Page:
Vol.21 No.200

Thursday 30 December 2004    





Cartoon Strip

Business Week



Arts/Culture Review




Views on homosexuality ridiculous


12/29/2004 9:33:10 PM (GMT +2)

Mesh Moeti's interview (Mmegi, 23 December 2004) with Archbishop Bernard Malango, the head of the Anglican Church in Central Africa, brought up a number of familiar points regarding the attitude of many African bishops of the Anglican Church towards homosexuality and same-sex marriages.

This attitude on the part of the African bishops became quite clear following the consecration of a gay bishop in the United States earlier this year.

Malango was quoted in the interview as having said: " Homosexuality is un-African, and foreign. Some people have been angry with me for saying homosexuality is not African because they think it has been practised in Africa for a long time. If it has been around for a long time, maybe it was hidden. Let those who are doing it in the West keep it to themselves". Another reason for Malango's strong views is that " ... God's approach is that he created a man and a woman for the sake of procreation". In other words, homosexuality is simply unnatural.

These are popular views among many people in Africa, including many political leaders. Leaders such as former President Sam Nujoma of Namibia and President Robert Mugabe of Zimbabwe, for instance, are well known for their hard line on such issues. And I've no reason to doubt that Botswana's leaders probably share such views, for otherwise the law in this country wouldn't prohibit homosexuality. In contrast, homosexuality is recognised in South Africa; and in this regard, as in many, many others, South Africa is way ahead of its African counterparts.

As I've argued before in this column, it's ridiculous of African leaders to pretend that homosexuality is foreign to Africa, and that it was somehow introduced into their countries by depraved citizens of Western countries. It is equally ridiculous to regard homosexuality as unnatural. It may be true that the majority, or even the vast majority, of people are heterosexual; but this doesn't make homosexuality unnatural.

Similarly, the fact that the majority of people are right-handed doesn't make those who are left-handed unnatural. Admittedly, the analogy isn't entirely appropriate. But although I couldn't think of a better one, I hope it clarifies my point sufficiently. Whether one finds homosexuality odd (as I certainly do) or not, I think it's important to recognise this reality.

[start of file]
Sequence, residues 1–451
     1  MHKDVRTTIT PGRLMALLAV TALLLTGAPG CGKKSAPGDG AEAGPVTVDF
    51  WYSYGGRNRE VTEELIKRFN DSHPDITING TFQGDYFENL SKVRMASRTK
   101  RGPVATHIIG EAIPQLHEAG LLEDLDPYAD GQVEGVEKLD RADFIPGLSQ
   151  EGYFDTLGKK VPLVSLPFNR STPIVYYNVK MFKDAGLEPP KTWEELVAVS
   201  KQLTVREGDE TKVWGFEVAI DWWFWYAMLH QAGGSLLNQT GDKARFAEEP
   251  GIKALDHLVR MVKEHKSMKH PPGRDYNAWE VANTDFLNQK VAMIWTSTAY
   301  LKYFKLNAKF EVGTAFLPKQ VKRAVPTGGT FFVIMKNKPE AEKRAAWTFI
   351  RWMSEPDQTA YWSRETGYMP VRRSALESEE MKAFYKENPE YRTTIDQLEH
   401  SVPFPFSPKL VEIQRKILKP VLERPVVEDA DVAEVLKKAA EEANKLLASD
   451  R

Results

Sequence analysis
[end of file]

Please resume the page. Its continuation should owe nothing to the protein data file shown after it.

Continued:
But my major concern about the attitude of many African governments and churches towards homosexuality is the negative impact that it's bound to have on the fight against the HIV pandemic, which is a major problem throughout the continent. For instance, it's all very well to have the wonderful strategies that we have in this country to fight the pandemic; but we can't totally win this war so long as homosexuals and those who practise sodomy in our prisons are excluded from our battle plans.


The relevant authorities deserve to be commended for the security patrols that were mounted throughout the country to coincide with the current holiday season. It's particularly pleasing that members of the Botswana Police Service and the Botswana Defence Force jointly man the patrols. Although the true impact of the patrols can only be accurately assessed at the end of the festive season, I'm sure it will be found to have been positive. At this stage, though, there can be no doubt that the general public has hugely appreciated the patrols and would like to see them mounted again on similar occasions in the future.

One might even go further and wonder why the patrols can't be mounted on a permanent basis. Let's admit it, security problems in this country have escalated dramatically in the last few years, and this is true of virtually every category of crime. I'm sure the nation knows and appreciates that the police are doing their best to reduce the rapid escalation of the crime rate. But the nation is also aware of the extremely limited resources that the police have at their disposal, which limits the impact of their efforts to reduce the crime rate.

It's in the light of this problem, which obviously can't be overcome overnight, that one sees value in getting the police and the army to combine their resources on a long-term basis in the fight against crime. I'm sure this can be done effectively without limiting the capacity of the army in any way. As I pointed out recently, Botswana is at peace with all its neighbours and can surely afford to deploy some defence force personnel to security duties outside the army.

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